16 SEPTEMBER 1955, Page 28

Country Life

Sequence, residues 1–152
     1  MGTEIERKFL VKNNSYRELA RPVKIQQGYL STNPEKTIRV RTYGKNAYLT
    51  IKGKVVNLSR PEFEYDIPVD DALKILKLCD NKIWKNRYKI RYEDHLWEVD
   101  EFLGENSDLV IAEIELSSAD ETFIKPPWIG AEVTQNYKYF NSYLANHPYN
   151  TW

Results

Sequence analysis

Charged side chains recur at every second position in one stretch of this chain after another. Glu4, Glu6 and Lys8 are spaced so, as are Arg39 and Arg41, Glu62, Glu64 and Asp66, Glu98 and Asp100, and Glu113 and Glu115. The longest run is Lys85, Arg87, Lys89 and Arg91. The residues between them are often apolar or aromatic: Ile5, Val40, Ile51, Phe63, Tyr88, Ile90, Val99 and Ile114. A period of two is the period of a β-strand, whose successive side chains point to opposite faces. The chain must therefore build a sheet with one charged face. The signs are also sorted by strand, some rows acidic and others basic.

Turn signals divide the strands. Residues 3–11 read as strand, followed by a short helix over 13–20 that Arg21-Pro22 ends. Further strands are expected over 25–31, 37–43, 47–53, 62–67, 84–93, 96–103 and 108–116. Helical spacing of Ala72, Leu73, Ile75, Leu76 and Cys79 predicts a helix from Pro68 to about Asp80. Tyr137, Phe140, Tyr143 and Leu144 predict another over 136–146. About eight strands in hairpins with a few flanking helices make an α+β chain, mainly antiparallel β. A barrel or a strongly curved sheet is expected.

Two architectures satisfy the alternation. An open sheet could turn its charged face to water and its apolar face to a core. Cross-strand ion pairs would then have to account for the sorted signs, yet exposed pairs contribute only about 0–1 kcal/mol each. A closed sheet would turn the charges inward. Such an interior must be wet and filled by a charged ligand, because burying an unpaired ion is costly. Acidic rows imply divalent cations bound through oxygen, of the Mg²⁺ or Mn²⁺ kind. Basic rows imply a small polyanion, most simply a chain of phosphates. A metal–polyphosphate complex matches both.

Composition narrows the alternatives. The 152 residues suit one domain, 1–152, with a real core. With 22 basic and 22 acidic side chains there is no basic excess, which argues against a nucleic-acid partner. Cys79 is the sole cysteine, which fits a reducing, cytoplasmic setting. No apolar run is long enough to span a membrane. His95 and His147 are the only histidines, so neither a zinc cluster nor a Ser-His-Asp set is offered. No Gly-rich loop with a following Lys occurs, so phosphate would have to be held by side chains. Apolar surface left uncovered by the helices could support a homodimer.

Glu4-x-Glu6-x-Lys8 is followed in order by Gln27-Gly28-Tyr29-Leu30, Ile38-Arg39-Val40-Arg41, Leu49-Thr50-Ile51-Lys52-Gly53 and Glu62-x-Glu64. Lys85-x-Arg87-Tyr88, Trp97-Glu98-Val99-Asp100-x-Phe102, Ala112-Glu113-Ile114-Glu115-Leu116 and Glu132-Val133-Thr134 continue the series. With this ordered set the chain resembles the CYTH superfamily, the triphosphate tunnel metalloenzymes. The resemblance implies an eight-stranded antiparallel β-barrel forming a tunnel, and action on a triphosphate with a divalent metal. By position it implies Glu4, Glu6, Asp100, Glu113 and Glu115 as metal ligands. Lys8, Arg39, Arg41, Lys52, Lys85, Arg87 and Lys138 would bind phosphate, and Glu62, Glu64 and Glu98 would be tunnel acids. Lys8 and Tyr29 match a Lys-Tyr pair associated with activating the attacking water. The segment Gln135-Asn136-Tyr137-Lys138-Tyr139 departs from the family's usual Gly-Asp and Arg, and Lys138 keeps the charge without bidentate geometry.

BY IAN NIALL A FRIEND said with some satisfaction the other day that she had been making jam untroubled by wasps as in years past, and thought that since we had had a bad winter and cold spring, the wasps had been reduced. I wonder. A large number of queen wasps may have perished, but wasps are careful in their selection of winter quarters, picking warm, dry and Frost- proof corners when they can. I think the apparent scarcity of wasps at the end of last month is due to a particularly suitable season, and their breeding and feeding have been extended in the warm, dry weather. The absence of rain meant that the broods were not drowned in the banks, and when the night air becomes cooler and the land loses its heat, the wasps' search for food will be extended. The workers will desert the nest as usual and the queen will seek a place for the winter. The first signs of wasp invasion are evident now, and they will be with us in increasing numbers by and by, or this season is to be marked as something quite unique.